Your first job is like your first boyfriend in that you truly think he’s perfect, but then again, you have nothing to compare him to, so you may not even know you’re with a total loser until after you’ve broken up. When my college boyfriend of two years broke up with me, I reached a whole new level of devastated that I didn’t even realize was humanly possible. How could this person who wept in front of me when his grandmother died, surprised me in my hometown for my birthday, and paid for all of my Chipotle burritos (with every add-on you could think of) not want to be with me forever? Fast-forward like six months, and that time and distance made me realize both how wrong we were for each other and how much he f*cking sucked as a person. After him, I took note of all the things I did and didn’t want in my next boyfriend. It really was the year of realizing stuff. Just call me Kylie Jenner.
Leaving your first job should feel the same way. Even if you loved it, you should still walk away with a sense of what you want and don’t want in your next position. I, for instance, loved what I was doing at my first job so much that I didn’t even care about having to live in the trap house that was my apartment, which was the only place I could afford on my laughably small salary. I was an editor at a ~luxury~ magazine and it made me feel like Miranda motherf*ckin Priestly (minus all the power, money, and ability to own a home) because I got invited to every party, media dinner, and opening you can imagine. I also got free facials, clothes, trips, etc., so you can imagine that walking away from “the good life,” as Kanye says, may have been a little tough.
However, what ultimately made me want to leave was the fact that I didn’t see much opportunity to climb the editorial ladder and tbh I didn’t want to stay in the South forever. So after I left, I had the time and distance I needed to realize that my first job was f*cked up in more ways than one. Knowing that and knowing why helped me find my next job (also at a magazine), which I actually love. No matter what industry your first job out of college is in, these are the key takeaways you should walk away with after leaving.
1. Respect For The Product
I obviously don’t mean this literally since not all companies produce something, but it’s really important that you respect, understand, and appreciate what the company does. After I left my Job From Hell, I flipped through a few of the previous issues and noticed that we only covered sh*tty companies/people who paid an embarrassing amount of money for full-page ads. At the end of the day, I couldn’t really stand behind what I wrote.
Doing something you love is the most important thing because, let’s face it, we spend all of our time at our jobs and you may as well enjoy your many hours
locked working in a giant freezer office doing something you give actually sh*t about.
2. How (Not) To Interact With Your Manager
If this is your first job, chances are you have a manager and, believe it or not, there are a few not-so-chill ways to interact with them! At my first job, my editor and I were pretty close in age and she happened to be really cool, so naturally we became friends. As fun as it was working with my friend, it was also pretty f*cking awkward when she had to reprimand me for doing something wrong. Like, are we still going out for drinks later or are we in a fight because you fully yelled at me just now?
Having a friendly rapport with your manager is great, but I’d be careful about being legit friends with them. It just confuses the hierarchy and can ultimately ruin your friendship, which in turn will make going to work suck. Keep a respectable distance between you two so that you can f*ck around a little at work, but it won’t be totally uncomfortable if and when sh*t hits the fan.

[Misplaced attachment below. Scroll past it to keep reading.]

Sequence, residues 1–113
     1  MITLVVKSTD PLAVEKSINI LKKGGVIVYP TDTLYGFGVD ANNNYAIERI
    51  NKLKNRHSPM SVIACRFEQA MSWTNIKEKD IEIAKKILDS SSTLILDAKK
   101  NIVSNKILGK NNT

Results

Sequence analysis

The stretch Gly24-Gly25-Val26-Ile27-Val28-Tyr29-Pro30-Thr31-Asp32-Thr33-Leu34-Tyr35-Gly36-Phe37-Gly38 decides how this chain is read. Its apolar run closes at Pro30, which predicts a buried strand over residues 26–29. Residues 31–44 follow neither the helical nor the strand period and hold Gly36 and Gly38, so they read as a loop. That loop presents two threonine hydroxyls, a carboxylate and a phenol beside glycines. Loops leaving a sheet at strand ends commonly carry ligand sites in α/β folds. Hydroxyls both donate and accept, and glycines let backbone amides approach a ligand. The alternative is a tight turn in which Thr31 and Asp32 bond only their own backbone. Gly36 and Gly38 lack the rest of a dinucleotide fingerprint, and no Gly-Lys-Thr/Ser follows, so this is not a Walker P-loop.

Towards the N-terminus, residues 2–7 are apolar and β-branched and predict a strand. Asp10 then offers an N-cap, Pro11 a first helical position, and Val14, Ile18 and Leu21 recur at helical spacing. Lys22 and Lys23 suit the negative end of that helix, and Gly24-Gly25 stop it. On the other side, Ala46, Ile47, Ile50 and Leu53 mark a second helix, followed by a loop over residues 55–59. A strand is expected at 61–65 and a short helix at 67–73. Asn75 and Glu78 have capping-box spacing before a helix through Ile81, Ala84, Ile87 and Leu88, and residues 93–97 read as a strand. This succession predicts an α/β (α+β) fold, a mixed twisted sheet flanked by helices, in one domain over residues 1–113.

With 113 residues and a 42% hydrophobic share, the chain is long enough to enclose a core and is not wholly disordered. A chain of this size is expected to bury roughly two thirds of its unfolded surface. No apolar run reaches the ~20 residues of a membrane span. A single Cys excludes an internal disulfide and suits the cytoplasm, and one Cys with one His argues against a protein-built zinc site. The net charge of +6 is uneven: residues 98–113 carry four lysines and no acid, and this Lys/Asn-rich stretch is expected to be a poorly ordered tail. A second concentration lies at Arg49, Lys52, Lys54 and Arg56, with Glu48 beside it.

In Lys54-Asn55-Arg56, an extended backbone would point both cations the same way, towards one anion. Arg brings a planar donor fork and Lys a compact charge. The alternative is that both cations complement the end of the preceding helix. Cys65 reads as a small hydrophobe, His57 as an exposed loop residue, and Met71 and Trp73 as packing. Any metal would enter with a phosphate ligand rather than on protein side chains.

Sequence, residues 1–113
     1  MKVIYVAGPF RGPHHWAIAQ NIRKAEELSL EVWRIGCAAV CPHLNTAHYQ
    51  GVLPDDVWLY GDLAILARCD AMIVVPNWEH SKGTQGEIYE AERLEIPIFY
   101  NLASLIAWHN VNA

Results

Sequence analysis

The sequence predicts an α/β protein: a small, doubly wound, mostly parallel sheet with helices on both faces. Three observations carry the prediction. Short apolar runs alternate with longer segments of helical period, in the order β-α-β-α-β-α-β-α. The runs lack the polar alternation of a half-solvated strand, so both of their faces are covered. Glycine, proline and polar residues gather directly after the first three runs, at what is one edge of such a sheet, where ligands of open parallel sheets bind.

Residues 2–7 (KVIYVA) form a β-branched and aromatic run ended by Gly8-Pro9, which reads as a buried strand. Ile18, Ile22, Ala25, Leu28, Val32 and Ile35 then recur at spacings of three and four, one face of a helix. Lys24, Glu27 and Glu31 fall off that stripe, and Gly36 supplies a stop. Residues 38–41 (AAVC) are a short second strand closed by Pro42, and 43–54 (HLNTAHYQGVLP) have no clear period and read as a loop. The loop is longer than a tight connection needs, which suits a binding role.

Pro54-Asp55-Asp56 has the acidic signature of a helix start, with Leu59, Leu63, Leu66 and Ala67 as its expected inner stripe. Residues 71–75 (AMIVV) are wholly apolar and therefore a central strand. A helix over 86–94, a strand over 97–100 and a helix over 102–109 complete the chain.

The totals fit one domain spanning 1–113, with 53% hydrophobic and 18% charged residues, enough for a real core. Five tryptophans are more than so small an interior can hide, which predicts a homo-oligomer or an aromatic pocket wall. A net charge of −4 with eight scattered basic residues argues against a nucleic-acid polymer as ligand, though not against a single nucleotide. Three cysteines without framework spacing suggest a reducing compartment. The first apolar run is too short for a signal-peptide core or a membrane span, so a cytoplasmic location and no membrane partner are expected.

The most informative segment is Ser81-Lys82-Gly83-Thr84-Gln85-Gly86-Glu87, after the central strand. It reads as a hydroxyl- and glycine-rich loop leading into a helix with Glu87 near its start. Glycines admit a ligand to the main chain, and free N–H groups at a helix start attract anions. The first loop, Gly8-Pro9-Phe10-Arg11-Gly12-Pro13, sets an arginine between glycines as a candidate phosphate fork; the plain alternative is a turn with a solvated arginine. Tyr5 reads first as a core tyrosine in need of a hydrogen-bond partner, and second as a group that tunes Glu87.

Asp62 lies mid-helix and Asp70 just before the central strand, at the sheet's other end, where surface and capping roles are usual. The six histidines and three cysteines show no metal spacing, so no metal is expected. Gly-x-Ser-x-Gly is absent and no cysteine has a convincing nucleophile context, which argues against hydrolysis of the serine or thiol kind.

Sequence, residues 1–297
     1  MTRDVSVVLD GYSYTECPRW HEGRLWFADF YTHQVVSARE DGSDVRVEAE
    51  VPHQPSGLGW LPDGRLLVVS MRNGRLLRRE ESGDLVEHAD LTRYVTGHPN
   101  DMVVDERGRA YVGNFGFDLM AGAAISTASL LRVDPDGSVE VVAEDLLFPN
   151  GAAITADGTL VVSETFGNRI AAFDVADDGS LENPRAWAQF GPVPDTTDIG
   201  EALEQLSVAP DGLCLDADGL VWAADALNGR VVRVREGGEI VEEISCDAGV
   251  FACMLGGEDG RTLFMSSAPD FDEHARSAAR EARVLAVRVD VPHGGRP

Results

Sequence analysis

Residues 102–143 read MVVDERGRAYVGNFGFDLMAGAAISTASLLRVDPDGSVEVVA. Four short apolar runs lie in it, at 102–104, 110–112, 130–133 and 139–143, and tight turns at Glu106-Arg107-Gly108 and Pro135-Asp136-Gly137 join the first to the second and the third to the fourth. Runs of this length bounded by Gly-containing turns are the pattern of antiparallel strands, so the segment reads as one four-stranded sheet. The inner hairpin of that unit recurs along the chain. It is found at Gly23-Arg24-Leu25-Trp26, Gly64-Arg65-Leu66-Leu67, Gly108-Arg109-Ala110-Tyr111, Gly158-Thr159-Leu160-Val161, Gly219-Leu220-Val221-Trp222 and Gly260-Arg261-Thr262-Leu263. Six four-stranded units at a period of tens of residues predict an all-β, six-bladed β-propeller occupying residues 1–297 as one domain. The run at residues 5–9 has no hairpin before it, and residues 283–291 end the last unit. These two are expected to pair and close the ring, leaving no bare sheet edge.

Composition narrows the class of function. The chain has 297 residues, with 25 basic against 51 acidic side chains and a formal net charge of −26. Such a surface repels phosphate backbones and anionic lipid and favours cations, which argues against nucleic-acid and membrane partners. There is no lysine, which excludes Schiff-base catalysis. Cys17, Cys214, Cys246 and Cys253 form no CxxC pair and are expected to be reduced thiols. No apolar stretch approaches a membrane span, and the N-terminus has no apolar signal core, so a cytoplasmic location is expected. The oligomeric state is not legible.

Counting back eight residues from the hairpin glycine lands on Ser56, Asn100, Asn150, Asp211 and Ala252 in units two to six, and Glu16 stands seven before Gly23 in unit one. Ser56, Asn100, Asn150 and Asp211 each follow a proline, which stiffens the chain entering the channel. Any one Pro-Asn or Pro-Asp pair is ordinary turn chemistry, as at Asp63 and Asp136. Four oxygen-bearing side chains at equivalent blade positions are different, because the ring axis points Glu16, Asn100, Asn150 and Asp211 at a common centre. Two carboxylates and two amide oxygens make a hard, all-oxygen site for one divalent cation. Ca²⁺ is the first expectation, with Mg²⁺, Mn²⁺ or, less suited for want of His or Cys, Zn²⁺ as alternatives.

3. How To Stand Up For Yourself
When you’re in an entry level position, you may feel like you’re working for your grandparents because everyone is constantly reminding you that you’re young and don’t know how to do anything. As much as I didn’t want to be the annoying millennial who was offended by everything, in some instances, you can and should stand up for yourself.
The terrible, horrible, no good, very bad world in which we live, sexual harassment is generally the first thing that comes to mind when I hear the phrases “entry level employee” and “stand up for yourself,” and you definitely should. But there are plenty of low-level offenses we forget about and shouldn’t let slide. Like, when you’re working on a project and put 97% of your effort into it and then your sh*thead co-worker swoops in and spends a lousy five minutes doing the last 3% then turns the project in as if she did the whole damn thing. Nope!
Obviously, pick your battles wisely, but if something is going down that’s legitimately making you upset, don’t just bend over and take it. If you let these shenanigans go on for too long, you’re basically telling your coworkers that it’s totally cool if they f*ck with you forever. Is it? Is it cool?
4. Negotiating Is Allowed
I happened to be an intern at the company that ended up hiring me, so when my future editor pulled me into a conference room and offered me the position by writing my “salary” on a sticky note and asked if that’s okay with me, I should have said, “No, it’s not!” First of all, never accept a job on the spot; always take a few days to think about it and negotiate benefits and salary. The fact that the number was tragically low wasn’t even the problem; I just didn’t think to try to negotiate because I
’m dumb I had no sense of what a competitive salary in that industry even was. Go on Glassdoor to read other employees’ reviews on the company and to see salaries to get an idea of whether or not you’re being lowballed.
Generally, companies welcome negotiations. That doesn’t always mean they will accept your final offer, but they will rarely just slap a number on the table and refuse to entertain any discussions. Don’t be afraid to whip out your flea market negotiating skills, people.
5. Have A Career Development Plan